LOWERING THE BABY BOOM: Can you really afford to lose income when gaining a baby·

Posted By: Matt in Economics on 05/21/2014 at 13:47:53

Many moms and dads struggle, contemplate and waver back and forth with one simple question as they plan to welcome a new baby to the family.

"Is one of us able to quit my job and still have enough money for a new child, without the feeling that money will always be tight·"

That answer is a dicey one for a number of reasons and shouldn't be entered into lightly as far as how you respond. While most would be parents begin to think of how they can get their hands on more money, it's incredibly true that the opposite end of the spectrum exists: moms and dads that are ready to give up an income even though a baby is a huge financial commitment.

Losing thousands of dollars per year while actually adding more expense seems like a silly proposition, but the idea of mom or dad being able to stay home comfortably and raise a child is the great equalizer in this discussion.

Babies are expensive, whether you're talking about supplies, formula, diapers and food, and losing an entire income makes for a decision that is thoughtfully difficult. The average baby costs between $1000 per month, and using those numbers as your financial barometer should point you in the right direction as far as losing one income out of a two income family.

What's even more staggering from a financial standpoint is the cost of raising a child from birth to age 18. That's going to take a quarter of a million dollars, money that might not be just lying around with only one parent working.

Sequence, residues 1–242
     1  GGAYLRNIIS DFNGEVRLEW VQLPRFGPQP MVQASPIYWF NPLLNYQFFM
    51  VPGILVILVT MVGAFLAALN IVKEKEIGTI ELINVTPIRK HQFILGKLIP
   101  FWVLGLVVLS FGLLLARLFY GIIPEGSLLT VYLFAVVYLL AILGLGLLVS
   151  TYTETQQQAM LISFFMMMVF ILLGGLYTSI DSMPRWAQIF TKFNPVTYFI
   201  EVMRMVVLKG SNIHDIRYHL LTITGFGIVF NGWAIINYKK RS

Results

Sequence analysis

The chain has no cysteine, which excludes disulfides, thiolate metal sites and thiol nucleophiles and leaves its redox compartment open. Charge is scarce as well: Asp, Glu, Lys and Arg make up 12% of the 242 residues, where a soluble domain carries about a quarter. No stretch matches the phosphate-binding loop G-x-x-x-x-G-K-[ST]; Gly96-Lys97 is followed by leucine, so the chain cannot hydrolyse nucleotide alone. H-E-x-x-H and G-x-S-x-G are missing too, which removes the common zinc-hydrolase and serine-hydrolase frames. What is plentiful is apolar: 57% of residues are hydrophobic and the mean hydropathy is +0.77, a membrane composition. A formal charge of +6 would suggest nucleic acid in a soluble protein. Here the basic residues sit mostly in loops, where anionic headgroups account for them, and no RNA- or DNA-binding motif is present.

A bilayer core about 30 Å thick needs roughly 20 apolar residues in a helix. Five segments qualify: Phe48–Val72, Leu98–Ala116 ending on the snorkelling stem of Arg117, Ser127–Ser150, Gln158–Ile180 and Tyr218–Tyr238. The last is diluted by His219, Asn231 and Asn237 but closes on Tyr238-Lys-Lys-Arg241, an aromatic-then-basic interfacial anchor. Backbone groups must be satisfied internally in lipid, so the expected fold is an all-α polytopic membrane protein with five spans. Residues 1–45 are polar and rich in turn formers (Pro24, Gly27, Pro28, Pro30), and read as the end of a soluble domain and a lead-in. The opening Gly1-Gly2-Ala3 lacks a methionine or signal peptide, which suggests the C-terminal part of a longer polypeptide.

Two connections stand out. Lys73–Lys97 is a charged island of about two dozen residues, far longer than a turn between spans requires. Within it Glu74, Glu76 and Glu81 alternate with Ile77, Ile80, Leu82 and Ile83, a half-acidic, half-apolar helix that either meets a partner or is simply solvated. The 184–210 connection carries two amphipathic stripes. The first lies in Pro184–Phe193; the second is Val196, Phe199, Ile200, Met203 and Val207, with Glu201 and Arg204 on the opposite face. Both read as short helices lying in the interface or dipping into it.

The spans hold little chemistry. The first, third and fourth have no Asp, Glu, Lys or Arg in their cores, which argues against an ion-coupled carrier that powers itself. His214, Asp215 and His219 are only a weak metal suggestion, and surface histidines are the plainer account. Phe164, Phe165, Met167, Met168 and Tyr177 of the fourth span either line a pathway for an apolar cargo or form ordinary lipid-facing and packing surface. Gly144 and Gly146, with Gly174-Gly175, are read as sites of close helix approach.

One thing moms and dads might want to weigh is the cost of child care and keeping both jobs or staying home with the new baby and saying so long to your job. Another financial aspect to mull over is the stability of the job that isn't being questioned. For example, if your husband works on sales commission, and his salary fluctuates from month to month or year to year, keeping a second income might be the kind of backup plan that isn't optional.

Plenty goes into the final call one way or another as far as having one parent work diligently at home with the new baby. Most of the time, parents can justify staying home, even if it means having to cut a few financial corners and budget accordingly. In some cases, however, dropping thousands of dollars as part of your income just isn't feasible or smart business moving forward for the entire family.

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